The International Fund for Agricultural Development (IFAD) is supporting the inclusion of cassava flour in bread and other forms of confectionery as part of efforts to improve food security and the livelihoods of farmers in sub-Saharan Africa.
This follows the launching in Lagos on 23 July of two projects under IFAD grants: Enhancing the Competitiveness of the High Quality Cassava Flour Value Chain (HQCF) in West and Central Africa; and Improving Quality, Nutrition and Health Impacts of the Inclusion of Cassava Flour in Bread Formulation in West Africa (Nigeria and Ghana).
The projects will, among others, support the generation, dissemination, and adoption of improved technologies for production and processing; develop and pilot-test a set of integrated best-bet options for HQCF production and promote market access to secondary products; and develop and promote appropriate evidence-based models for sustainable value chain development for African agricultural commodities using HQCF production and processing as an example.
Dr Alfred Dixon, Project Leader of IITA’s Sustainable Weed Management Technologies for Cassava Systems in Nigeria project, represented the Director General, Dr Nteranya Sanginga on the occasion. He described cassava as a “poverty fighter” and said the two IFAD-funded projects were timely.
Improving the use of the crop, and scaling up/out processing technologies would help Africa to address the issues of poverty and hunger on the continent, he said.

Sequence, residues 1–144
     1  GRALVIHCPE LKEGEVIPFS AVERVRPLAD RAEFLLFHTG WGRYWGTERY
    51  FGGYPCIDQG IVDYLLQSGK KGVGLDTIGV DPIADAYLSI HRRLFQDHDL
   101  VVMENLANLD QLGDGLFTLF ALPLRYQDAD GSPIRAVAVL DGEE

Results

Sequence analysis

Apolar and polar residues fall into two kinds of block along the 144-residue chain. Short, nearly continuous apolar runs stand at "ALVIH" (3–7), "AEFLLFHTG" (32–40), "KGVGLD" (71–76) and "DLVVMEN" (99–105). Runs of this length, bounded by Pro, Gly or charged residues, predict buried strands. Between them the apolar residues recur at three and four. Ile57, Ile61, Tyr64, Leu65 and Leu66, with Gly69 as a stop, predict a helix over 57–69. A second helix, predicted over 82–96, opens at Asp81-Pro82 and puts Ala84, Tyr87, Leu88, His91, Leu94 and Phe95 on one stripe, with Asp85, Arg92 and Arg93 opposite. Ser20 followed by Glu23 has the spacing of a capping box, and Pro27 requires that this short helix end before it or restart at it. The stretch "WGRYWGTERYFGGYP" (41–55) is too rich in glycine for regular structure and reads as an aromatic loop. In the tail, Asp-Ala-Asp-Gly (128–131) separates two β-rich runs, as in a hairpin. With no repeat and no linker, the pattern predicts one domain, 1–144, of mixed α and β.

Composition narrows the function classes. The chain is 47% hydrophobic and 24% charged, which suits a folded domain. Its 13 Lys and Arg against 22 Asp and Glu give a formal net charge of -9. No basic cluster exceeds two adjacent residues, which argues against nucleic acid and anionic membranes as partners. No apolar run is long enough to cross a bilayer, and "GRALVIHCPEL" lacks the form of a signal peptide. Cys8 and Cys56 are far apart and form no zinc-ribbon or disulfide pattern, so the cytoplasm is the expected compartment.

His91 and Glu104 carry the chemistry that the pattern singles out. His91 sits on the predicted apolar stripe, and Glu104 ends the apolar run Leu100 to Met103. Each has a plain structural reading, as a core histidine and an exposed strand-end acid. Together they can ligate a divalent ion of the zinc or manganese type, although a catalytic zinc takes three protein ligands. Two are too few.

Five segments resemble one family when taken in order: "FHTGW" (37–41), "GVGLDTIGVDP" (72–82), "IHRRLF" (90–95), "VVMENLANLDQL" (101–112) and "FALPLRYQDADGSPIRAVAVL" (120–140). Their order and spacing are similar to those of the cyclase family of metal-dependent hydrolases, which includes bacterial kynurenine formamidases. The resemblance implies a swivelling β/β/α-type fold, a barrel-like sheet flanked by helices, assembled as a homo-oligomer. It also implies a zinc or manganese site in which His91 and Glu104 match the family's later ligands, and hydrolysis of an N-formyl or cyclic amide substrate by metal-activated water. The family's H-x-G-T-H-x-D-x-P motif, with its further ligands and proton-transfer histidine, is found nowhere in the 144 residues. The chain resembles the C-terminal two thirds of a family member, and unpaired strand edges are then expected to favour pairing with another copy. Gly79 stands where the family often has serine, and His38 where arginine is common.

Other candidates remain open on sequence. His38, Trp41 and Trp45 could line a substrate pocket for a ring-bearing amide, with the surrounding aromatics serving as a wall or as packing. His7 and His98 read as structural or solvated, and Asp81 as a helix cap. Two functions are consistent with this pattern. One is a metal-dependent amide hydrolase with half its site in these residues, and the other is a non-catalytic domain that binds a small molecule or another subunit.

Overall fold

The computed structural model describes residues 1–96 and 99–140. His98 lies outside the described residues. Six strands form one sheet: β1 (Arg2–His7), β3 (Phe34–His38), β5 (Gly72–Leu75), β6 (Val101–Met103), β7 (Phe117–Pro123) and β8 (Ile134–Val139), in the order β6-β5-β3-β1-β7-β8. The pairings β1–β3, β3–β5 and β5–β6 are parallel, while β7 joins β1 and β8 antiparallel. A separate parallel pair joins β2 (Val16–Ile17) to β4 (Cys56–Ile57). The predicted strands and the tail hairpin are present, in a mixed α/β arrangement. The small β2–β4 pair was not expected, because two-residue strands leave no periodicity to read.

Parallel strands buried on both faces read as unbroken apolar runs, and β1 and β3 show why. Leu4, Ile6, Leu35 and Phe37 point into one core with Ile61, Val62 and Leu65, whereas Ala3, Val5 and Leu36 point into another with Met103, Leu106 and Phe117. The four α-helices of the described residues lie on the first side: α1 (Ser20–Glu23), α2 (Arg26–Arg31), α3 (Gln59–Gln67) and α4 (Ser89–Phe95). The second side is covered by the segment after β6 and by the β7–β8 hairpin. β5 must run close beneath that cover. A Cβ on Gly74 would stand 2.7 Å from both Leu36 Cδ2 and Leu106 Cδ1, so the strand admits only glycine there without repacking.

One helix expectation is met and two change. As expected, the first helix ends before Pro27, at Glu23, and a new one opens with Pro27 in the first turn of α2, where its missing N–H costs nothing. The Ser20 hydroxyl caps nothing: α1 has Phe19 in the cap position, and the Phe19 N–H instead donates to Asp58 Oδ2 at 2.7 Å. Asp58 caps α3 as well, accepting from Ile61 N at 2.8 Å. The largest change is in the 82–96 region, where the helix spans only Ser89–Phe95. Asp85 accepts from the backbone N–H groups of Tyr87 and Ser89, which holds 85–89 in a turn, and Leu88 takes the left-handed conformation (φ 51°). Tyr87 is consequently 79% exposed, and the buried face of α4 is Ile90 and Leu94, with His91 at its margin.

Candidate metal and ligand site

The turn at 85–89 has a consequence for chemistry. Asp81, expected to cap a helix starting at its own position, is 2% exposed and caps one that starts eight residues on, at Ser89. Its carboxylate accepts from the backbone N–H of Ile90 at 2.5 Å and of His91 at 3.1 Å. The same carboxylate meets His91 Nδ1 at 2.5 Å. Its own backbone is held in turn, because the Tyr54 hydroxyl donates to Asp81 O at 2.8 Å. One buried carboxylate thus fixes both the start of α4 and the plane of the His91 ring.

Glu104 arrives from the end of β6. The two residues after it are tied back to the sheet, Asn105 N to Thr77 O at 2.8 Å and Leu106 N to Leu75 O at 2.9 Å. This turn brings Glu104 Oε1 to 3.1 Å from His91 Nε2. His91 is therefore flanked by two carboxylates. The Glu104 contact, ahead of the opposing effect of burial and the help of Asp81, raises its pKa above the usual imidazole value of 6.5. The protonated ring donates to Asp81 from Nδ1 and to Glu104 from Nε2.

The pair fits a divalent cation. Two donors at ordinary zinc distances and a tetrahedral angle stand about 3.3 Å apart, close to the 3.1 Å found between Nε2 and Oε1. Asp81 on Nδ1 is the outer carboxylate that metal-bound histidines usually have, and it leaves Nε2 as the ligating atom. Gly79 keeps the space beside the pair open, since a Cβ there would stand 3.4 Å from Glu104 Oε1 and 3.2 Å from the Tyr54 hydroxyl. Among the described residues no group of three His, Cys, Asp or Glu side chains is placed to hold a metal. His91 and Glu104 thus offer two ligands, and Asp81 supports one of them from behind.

“Africa has a comparative advantage in cassava production… so let us use cassava to get what we want.”
Grown mostly by small-scale farmers, cassava is a source of livelihood for about 300 million people in sub-Saharan Africa. However, because the value chain is underdeveloped and the crop spoils relatively quickly after harvesting, farmers are yet to exploit the full potential in terms of livelihood improvement.
Recently researchers from IITA and partners successfully baked bread with 40% percent cassava flour and 60% wheat flour, showing bakers a window of possibilities. IFAD sees this inclusion as a major step that would address food insecurity, create jobs especially for the rural youth, and improve incomes.
Dr Malu Ndavi, Senior Program Officer, IFAD, said, “Our expectation is that these projects will touch the lives of poor farmers.” He urged implementers/ partners to work together towards ensuring that the project’s goals and objectives are delivered on time.
The 18-month project on increasing impact on nutrition and health will be led by Dr Bussie Maziya-Dixon (IITA) and Prof Michael Ngadi (McGill University, Canada). The 36-month project on enhancing the competitiveness of the HQCF value chain will be led by Dr Adebayo Abass from IITA. Other partners include the University of Agriculture Makurdi, Federal University of Agriculture Abeokuta, Federal Institute of Industrial Research Oshodi, National Root Crops Research Institute Umudike, flour millers, farmers, bakers, and cassava processors among others.